[R] regarding 3d Bar Plot

Duncan Murdoch murdoch at stats.uwo.ca
Wed Apr 25 13:12:57 CEST 2007

On 4/24/2007 9:38 AM, rolf at math.unb.ca wrote:
> gyadav at ccilindia.co.in wrote:
>> I have data in a two dimensional table. each row of the data adds
>> upto 100 ( hence they are percentages ).  it can be interpreted as
>> like this A - I are the matches and  P - X are the players. Thus
>> Player P scored 20% of the runs during this season in Match C, 60% in
>> Match D and remaining 20% in Match G.
>> I want to plot 3-d bar plot, where X axis have players, Y axis have
>> Matches and Z axis as the percentage(0 - 100%) Please help me in this
>> regards.
>          <snip>
> 	Many years ago I picked up from the snews mailing list a
> 	suite of functions for plotting 2D barplots (barplots with 2D
> 	bases) written by a chap named Colin Goodall, from (at that
> 	time) the University of Bristol and/or from Penn State.
> 	I never actually did anything with this suite until
> 	recently.  Seeing no replies to the enquiry about 3D
> 	histograms,  I thought I'd try to get Goodal's code running
> 	in R to see if it might solve guarav's problem.
> 	The trouble is, all the guts of the procedure, *including*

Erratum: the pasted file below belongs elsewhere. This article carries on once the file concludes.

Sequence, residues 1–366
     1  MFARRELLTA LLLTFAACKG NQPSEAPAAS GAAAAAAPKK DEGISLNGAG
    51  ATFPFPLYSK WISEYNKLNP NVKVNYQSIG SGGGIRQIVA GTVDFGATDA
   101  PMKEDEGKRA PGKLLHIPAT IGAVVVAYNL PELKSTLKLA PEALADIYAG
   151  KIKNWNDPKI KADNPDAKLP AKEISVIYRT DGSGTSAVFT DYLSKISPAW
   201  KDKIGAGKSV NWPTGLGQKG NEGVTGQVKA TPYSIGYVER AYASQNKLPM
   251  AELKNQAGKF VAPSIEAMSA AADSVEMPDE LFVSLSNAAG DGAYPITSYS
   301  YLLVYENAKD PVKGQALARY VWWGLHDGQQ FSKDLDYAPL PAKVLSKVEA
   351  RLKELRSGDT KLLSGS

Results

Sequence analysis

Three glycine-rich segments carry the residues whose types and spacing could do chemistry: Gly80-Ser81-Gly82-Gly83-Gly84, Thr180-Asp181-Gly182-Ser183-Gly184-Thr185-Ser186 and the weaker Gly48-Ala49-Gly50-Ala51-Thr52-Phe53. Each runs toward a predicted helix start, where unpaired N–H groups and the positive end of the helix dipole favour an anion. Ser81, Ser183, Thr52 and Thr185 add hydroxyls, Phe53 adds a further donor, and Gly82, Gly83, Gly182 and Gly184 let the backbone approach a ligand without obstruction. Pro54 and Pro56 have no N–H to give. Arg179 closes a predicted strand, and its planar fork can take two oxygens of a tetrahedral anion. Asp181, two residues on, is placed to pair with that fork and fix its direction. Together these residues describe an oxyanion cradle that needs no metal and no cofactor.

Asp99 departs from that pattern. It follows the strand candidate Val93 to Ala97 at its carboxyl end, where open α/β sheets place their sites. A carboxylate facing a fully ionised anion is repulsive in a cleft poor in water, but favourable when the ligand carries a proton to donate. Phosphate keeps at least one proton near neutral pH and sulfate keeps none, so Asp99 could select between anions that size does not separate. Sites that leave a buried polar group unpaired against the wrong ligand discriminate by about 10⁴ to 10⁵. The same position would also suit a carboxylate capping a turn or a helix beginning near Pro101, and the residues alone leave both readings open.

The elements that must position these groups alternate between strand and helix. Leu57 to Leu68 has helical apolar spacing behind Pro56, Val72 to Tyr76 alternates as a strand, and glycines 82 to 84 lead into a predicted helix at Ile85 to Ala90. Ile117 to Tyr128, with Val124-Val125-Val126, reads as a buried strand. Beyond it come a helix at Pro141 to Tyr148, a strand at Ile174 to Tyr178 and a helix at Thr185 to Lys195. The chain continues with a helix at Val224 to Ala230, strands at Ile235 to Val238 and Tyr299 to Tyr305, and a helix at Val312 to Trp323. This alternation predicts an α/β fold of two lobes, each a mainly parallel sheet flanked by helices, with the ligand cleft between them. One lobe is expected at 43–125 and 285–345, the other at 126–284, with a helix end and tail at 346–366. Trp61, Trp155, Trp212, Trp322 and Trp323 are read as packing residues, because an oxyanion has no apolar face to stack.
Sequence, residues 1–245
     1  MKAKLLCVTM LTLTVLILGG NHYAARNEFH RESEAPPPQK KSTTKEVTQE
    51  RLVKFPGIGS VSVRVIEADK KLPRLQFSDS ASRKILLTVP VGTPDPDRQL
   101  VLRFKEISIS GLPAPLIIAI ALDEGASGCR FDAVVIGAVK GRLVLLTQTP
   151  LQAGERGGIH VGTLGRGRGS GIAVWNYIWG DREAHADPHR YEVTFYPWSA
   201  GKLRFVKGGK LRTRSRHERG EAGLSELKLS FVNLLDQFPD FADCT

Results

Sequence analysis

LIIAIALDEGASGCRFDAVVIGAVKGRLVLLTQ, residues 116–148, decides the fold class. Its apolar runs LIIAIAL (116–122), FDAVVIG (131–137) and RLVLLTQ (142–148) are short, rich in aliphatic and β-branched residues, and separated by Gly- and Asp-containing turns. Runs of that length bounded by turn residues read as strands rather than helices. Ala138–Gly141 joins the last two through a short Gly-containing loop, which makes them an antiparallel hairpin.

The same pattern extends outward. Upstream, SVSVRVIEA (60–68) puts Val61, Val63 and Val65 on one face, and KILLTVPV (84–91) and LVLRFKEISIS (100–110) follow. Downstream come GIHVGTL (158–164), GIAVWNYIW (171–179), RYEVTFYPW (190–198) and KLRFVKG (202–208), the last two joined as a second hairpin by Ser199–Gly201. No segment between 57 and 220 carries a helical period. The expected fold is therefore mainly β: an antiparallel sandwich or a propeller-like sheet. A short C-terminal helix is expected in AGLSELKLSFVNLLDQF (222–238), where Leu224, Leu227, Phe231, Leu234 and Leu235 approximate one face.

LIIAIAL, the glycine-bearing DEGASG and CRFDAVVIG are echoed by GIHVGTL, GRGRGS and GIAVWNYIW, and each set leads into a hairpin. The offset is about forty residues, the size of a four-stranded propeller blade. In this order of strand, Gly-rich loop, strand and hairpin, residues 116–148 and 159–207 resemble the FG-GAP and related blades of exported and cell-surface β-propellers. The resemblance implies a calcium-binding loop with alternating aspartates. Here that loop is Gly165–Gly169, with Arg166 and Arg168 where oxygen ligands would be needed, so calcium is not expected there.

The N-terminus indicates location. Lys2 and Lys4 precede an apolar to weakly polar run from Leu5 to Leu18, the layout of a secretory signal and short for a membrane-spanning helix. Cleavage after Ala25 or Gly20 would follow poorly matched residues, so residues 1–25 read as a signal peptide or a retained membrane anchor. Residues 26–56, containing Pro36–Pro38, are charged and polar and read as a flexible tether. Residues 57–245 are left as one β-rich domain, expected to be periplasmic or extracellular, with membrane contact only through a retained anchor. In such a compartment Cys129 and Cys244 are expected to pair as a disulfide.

> 	the plotting are done from within Fortran.  The actual
> 	plotting seems to be done through a call to a subroutine
> 	``segmtz'' which is a piece of Splus software that does not
> 	exist in R.
> 	Is there an equivalent subroutine in R that could be called?
> 	I dug around a bit but couldn't figure out what was going
> 	on.  The function segments() simply calls
> 	.Internal(segments(....
> 	I looked around a bit for corresponding C or Fortran code but
> 	obviously didn't know how to look properly.
> 	I think that the Fortran code could be translated into raw R
> 	and the call to segmtz changed to a call to segments() ---
> 	but this would seem to be a lot of work.
> 	Can anyone suggest a reasonably simple way of replacing the
> 	call to segmtz in the Fortran?

I don't know how to do what you want, but I'd suggest working in R code 
rather than Fortran.  I did write a hist3d function for the djmrgl 
package (based on hist), mostly to show off the graphics, but haven't 
found it useful enough to port to rgl.  Here's a quick port, not good 
enough to use, but maybe it will give you a starting point.

Duncan Murdoch

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